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Heritage Statement | email us

This site was dedicated to saving Vineland's original one room schoolhouse from demolition.

Vineland Public School 1895 - 2015

After 120 years of continuous use as a classroom, Vineland's schoolhouse was demolished on 21 July 2015 in 30 minutes by the District School Board of Niagara.

The schoolhouse more than satisfied every criterion for designation as a Municipal and Provincial Heritage Site under the Ontario Heritage Act.

Over 1,800 paper petitioners, 1,400 Facebook supporters, 600 signatories at, and 50 passionate letter-writers supported the efforts by Friends of Vineland Public School 1895 to save this key piece of Lincoln's built heritage.

But the District School Board of Niagara refused to change its plans to replace the schoolhouse with three parking spots.

Successive Lincoln Mayors and Town Councils (2010-14, 2015-19) failed to exercise any leadership to save this landmark.

In the end, the Town aided the DSBN in fighting legal efforts to prevent the schoolhouse's destruction.

The Ontario Minister and Ministry of Tourism, Culture, and Sport stood aside and did nothing.

The heritage designation process in Lincoln and Ontario is broken.

We are grateful for the wide support our efforts to save Vineland's last public heritage building received from across our community.

Heritage Statement submitted by the Lincoln Heritage Committee to the Town of Lincoln in January 2014.

Vineland Public School was built in 1895 as a one room red brick school. It is located at 4057 Victoria Avenue in Vineland in the Town of Lincoln, Lot 23, Concession III. The school has expanded over the years and is still in use.

Historical Value:

The first classes held on the property were in 1798. In 1801, a log building was constructed which served as a church and school. Mr. Samuel Moyer was the first school master. In 1847, following provincial guidelines, the first elected trustees were Mr. John Rittenhouse, Mr. Abram Kratz and Mr. W.T. Moyer.

The one room red brick school with basement was built in 1895 for $1,600. One acre of land was purchased from J.M. Houser for $250. R.J. Hager was contracted for the masonry work, and J.H. Beatty for the carpentry work. The first teacher in the new building was Frank Moffat who was hired in 1895 at a salary of $45 per year. Mr. Moffat held the position at the same rate for four years. In 1895, the trustees began the practise of hiring teachers during the summer holidays.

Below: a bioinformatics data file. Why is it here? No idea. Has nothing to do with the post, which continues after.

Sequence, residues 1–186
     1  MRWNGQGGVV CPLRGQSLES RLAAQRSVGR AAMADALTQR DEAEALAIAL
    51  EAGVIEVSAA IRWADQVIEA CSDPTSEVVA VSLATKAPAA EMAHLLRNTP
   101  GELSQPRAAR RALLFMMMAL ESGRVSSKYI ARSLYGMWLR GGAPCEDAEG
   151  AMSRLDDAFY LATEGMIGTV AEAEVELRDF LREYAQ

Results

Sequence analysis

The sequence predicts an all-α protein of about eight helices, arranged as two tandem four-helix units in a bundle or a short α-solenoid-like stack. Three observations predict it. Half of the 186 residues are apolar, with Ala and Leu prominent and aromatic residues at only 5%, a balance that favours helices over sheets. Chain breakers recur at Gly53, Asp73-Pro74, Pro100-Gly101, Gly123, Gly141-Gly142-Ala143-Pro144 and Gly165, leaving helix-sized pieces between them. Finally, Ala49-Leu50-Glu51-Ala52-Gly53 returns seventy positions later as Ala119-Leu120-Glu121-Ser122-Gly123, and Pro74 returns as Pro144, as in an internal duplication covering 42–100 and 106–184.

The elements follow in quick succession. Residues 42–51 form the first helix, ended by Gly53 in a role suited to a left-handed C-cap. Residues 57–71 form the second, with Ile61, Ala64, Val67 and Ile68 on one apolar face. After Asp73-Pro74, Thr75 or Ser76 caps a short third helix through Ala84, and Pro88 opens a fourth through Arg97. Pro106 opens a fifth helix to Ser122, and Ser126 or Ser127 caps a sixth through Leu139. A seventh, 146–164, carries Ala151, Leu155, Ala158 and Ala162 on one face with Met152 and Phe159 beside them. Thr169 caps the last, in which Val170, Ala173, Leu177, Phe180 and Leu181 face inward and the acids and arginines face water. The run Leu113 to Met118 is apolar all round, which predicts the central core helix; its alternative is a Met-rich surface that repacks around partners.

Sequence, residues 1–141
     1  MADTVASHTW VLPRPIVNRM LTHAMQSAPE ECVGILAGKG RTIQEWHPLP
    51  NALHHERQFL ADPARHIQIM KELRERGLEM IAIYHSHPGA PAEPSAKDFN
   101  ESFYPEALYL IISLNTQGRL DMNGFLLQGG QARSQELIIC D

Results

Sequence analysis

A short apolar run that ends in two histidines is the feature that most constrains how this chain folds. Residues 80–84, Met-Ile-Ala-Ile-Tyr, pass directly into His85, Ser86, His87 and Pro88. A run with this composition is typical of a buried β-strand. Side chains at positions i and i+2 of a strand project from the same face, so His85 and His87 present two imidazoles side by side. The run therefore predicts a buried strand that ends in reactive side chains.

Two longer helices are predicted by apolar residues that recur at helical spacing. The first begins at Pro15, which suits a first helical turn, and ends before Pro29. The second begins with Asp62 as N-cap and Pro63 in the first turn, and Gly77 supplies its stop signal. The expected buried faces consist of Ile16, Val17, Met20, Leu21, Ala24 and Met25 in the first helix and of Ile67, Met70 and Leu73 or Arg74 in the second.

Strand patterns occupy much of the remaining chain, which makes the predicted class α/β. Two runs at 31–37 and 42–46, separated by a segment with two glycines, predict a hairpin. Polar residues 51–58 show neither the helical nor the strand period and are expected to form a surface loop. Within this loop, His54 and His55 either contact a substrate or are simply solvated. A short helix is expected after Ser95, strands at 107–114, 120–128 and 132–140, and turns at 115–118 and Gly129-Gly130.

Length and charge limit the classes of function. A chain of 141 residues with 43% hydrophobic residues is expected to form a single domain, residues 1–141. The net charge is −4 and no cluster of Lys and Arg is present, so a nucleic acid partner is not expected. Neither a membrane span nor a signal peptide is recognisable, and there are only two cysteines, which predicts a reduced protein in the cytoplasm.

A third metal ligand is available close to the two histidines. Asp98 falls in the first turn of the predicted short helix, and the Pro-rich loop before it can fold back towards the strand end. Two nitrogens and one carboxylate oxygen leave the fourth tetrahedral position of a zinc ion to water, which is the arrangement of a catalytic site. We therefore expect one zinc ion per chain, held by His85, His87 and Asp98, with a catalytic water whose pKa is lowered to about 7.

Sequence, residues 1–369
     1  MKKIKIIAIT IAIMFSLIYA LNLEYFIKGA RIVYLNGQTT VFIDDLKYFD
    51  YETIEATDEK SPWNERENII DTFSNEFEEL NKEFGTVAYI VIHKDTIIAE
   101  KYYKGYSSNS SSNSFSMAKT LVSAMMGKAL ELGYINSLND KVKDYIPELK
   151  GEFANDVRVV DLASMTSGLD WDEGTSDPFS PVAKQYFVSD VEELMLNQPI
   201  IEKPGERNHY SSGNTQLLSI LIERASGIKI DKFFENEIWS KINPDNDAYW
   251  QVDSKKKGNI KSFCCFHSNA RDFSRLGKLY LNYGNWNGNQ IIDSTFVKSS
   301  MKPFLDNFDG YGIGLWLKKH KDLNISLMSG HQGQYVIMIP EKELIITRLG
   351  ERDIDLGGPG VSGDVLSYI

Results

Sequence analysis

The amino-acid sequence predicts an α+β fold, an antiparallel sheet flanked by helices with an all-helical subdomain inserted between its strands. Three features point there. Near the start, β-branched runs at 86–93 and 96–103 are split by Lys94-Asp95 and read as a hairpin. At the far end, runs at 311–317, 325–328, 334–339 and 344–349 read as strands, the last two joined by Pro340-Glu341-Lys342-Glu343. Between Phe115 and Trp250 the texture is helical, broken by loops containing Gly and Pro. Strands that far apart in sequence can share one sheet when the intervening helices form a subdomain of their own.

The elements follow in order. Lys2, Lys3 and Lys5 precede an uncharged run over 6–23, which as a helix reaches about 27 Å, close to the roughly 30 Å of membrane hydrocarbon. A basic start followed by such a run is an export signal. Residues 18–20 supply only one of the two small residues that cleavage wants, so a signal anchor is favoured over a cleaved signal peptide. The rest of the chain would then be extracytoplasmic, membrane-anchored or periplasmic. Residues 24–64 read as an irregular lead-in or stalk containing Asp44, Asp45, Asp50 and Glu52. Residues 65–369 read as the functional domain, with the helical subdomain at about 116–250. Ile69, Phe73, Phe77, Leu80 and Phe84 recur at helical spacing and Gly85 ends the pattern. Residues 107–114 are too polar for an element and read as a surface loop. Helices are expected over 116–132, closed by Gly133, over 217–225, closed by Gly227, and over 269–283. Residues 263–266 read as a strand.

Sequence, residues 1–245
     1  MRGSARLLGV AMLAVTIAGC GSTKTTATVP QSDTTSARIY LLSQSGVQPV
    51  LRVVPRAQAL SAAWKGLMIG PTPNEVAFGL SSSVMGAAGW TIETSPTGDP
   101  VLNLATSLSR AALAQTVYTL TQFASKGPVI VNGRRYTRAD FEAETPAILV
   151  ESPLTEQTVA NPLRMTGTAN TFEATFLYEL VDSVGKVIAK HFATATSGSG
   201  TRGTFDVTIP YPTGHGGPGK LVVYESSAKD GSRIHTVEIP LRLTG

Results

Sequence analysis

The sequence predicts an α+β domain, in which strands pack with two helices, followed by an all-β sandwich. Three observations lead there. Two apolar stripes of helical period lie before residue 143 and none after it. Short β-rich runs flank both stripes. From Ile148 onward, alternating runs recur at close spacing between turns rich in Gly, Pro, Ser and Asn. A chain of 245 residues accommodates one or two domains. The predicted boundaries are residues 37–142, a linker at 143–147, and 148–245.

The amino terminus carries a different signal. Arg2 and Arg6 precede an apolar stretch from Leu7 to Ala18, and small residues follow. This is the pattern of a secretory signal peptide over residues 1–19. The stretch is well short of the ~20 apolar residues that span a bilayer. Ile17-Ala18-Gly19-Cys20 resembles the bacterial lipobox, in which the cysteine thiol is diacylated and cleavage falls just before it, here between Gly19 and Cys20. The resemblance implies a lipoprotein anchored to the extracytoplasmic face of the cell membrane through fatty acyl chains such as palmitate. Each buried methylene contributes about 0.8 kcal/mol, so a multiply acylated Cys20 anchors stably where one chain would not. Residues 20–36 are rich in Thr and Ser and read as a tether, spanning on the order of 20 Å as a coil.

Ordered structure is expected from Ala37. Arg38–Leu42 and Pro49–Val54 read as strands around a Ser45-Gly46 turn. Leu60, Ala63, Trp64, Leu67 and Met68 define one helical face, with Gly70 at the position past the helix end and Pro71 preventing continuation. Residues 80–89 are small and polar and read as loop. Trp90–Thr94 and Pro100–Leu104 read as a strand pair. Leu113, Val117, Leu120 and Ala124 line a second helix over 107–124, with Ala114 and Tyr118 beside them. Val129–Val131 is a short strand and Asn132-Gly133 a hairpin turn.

Among the interesting items of business discussed at the annual meeting of 1897 is a motion that no cows be allowed to pasture on the school grounds, and that entertainment should be staged to help pay for the newly acquired school bell. The question of a furnace for the school was brought up in October 1906. In March 1908, additional property was purchased at $500 from Mr. Houser to be used as a school garden.

Vineland's 1895 red brick school house is representative of public education reform in the Province of Ontario. It is an example of the late 19th century campaign to improve Ontario's system of public education through the construction of better buildings. In the 1880s, the Department of Education surveyed rural schools and found them to be cramped, poorly lit, and lacking in ventilation and sanitary facilities. In 1886, a set of guidelines for the construction of schools was released which addressed these issues as well as architectural style and landscaping to better reflect the significance of education in the community. Although local officials were often reluctant to raise the taxes necessary to finance such expensive departmental initiatives, some forward-looking communities, like Vineland, sponsored the construction of architecturally sound schools, which showcased their local pride and commitment to progress though education. Pride in the community and its farming heritage was also reflected in the school's gardens. The school's gardens were showcased in the Report of the Minister of Education, Ontario in 1909.

Architectural Value:

The Vineland Public School is a good example of rural school architecture resulting from the provincial standards for appropriate rural school design in the 19th century. The Vineland Public School is a one room red brick schoolhouse constructed of 'Beamsville brick'. From 'The School House: Its Architecture' published in 1876 by the Ministry of Education, the Vineland Public School represents the best qualities of designs 13 and 14, which can be described as 'plain but neat...the roof has the plain wide, projecting cornice and eaves which protect the wall of the building and at the same time give it an appearance of comfort and solidity.

Environmental Value:

The Vineland Public School is located on Victoria Avenue which marks the boundary between the Louth and Clinton Townships. The circular medallion at the top of the front facade recognizes both Townships and is symbolic of the community's unity. The school is a focal point on Victoria Avenue and for the community, and is the last marker of an earlier community.